The Set Aside: How to Eliminate the Midnight Worries
Last night I made a rookie mistake. At the end of a relaxing night, just as I was getting ready for bed, I picked up my phone, saw a notification of an email from one of my students’ parents, and clicked on it. I really should have known better.
Luckily for me, my coaching training has taught me a trick or two about handling stress because, as you guessed, this was a potentially stressful email. The parent was concerned about her son who was struggling with his first week at school. A common worry which, just a year ago, would have completely ruined my night’s sleep.
It’s an all too familiar complaint of the classroom teacher: lack of sleep due to worry about a student, tossing and turning over how to respond to a parent’s distress, a roller-coaster of doubt contemplating different approaches and all the various ramifications of whatever next step you may have to take. I am pleased to say, I have found the answer: the ‘set aside’.
The ‘set aside’ is a neuro-linguistic technique that helps your brain when it is trapped in a particular line of worrying or stressful thoughts. In a nutshell, you formally ‘schedule’ a time to worry, giving your brain reassurance that the problem will be dealt with and taking away your conscious need to dwell on it. It not only works for niggling professional stresses, but also for persistent unhealthy doubts, habitual negative emotions and big-picture global worries that continuously plague your thoughts.
The steps are simple: when a concern or negative thought pops up, first thank your mind for bringing it to your attention, then set a very specific time for dealing with it (for example, Tuesday afternoon at 2pm). Imagine yourself putting the thought in a box, closing it and labeling it “Tuesday”. I recommend writing it down on a post-it, or literally scheduling it in your calendar, to reinforce the idea. Then when the appointment arrives, take the time to think through the thought or emotion again. You don’t need to solve the issue, just recognise it and explore it. This trains your mind to only worry about something when you are ready to worry about it and takes away the need for your unconscious mind to constantly nag you.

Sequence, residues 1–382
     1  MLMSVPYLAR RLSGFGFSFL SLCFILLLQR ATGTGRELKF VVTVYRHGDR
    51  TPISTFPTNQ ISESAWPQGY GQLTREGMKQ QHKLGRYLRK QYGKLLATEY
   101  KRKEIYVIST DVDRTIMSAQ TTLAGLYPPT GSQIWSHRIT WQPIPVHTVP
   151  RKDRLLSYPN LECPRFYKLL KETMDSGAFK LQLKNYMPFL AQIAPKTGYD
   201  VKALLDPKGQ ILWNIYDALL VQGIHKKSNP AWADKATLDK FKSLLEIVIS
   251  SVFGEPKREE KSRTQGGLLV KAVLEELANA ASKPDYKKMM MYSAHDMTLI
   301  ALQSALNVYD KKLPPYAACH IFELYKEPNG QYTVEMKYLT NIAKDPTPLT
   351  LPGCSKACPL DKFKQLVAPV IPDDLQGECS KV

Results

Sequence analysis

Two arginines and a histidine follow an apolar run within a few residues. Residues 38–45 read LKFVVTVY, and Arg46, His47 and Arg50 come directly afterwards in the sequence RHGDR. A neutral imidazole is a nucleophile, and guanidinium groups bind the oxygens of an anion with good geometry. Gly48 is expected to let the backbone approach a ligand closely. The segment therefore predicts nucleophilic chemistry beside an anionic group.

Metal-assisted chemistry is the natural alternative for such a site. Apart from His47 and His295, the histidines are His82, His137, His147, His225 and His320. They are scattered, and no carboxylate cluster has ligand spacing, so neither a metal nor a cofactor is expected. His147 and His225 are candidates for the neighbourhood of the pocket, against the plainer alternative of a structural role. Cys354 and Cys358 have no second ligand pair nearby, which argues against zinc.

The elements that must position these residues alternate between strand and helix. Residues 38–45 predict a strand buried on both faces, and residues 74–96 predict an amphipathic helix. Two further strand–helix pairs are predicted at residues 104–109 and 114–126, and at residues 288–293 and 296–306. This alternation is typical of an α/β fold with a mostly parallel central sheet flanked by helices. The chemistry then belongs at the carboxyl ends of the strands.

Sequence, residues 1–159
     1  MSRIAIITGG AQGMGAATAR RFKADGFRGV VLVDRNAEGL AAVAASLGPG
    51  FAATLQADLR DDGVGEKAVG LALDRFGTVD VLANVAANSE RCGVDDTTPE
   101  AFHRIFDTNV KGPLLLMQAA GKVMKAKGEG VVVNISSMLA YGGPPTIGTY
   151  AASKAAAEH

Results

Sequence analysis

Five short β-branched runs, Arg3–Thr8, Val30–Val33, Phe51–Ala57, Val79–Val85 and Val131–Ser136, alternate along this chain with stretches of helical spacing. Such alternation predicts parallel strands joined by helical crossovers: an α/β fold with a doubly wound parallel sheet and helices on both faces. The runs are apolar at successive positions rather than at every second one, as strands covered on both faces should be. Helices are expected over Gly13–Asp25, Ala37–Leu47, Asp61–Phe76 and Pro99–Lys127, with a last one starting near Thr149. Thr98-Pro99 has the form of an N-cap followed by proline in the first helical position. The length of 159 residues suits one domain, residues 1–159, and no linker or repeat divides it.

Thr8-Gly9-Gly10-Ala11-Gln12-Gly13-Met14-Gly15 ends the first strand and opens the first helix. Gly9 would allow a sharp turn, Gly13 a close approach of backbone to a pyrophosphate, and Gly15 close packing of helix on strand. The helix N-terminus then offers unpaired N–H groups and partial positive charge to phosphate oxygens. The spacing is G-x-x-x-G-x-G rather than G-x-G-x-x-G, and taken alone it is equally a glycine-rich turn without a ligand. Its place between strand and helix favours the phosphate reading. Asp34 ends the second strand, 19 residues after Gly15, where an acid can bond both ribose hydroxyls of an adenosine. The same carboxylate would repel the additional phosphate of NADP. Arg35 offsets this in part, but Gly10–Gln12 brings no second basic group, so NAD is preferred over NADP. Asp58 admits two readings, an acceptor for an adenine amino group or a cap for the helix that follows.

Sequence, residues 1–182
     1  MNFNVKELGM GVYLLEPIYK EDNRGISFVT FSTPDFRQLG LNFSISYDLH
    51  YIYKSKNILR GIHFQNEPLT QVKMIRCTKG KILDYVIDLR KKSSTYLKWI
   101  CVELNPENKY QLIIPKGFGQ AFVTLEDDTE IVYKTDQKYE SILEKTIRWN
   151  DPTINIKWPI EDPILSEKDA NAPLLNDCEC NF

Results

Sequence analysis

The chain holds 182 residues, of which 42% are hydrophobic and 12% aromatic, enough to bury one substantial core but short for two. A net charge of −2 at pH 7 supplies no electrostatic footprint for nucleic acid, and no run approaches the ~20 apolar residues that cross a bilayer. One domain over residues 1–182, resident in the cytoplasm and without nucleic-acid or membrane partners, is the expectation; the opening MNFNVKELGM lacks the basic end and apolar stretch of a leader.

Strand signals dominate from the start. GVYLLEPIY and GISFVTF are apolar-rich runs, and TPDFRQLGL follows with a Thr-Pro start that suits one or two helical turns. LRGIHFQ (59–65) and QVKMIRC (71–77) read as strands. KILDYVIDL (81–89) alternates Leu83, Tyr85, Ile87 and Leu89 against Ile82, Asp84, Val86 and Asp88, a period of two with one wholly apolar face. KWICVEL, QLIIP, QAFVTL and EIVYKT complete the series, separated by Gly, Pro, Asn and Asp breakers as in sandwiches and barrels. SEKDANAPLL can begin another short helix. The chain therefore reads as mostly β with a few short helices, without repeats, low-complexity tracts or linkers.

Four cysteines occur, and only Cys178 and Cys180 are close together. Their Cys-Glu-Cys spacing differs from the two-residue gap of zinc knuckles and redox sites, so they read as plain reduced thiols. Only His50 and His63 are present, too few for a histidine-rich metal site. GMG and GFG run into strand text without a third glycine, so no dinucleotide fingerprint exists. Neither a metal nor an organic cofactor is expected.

So that’s exactly what I did. I told myself “thank you for bringing this to my attention and alerting me to its importance. I will set aside time on Sunday at 11am to think this through”. Then I actually set the appointment “reply to X’s Mum” on my Google Calendar and that was all it took. I was able to lay my head on the pillow and relax. It took one quick reminder when a nagging thought popped up again, but once I reinforced the set aside, sleep came easily. The next day,I had a few vague, but not worrying, thoughts about how I could phrase my reply, but the knowledge that I would deal with it on Sunday meant those thoughts were quick little fly-aways rather than lingering distractions. I did not experience the preoccupation or stress that I would have had in the past. By the time Sunday 11am came around my subconscious had done all the work and I was able to frame a reply within 10 mins.
An important side-note: I wrote my email reply to the parent on Sunday morning but then I used “schedule send” to ensure it would not be sent until Monday morning. This is one way I protect my weekends. When people have the impression I answer emails outside of work hours they are more frequent at sending them. Of course this little slip has also reminded me not to check school emails on Friday evenings. I have to take responsibility for my own well being too. Everyone within a school community should look after themselves while looking after each other. That’s a win-win for us all.
I thoroughly recommend trying out the set-aside on your next niggling worry. Whatever is on your mind is important, acknowledge that and appreciate it. Then assert to yourself that it will be dealt with at a specific time. Make sure to schedule it in, writing it down in your calendar. Then simply let it rest. Be strict with yourself if the nagging starts up again; it may take a while for your brain to trust in this strategy. To reinforce that trust you must follow-up. Make sure you address the issue at the scheduled time. You will likely find the problem isn’t as difficult as you originally thought, as in the intervening time you have found perspective and your subconscious has been able to work through it peacefully.
Investing in the initial diligence and persistence needed to make the set-aside work will bring you many stress-free hours in the future. Soon it will become a habit of thinking and your brain will fully trust that when you say you will address something, you will. The need to stress will reduce along with your sleepless nights, leaving you with more energy to bring joy into your classroom. You can thank me later (schedule it in:).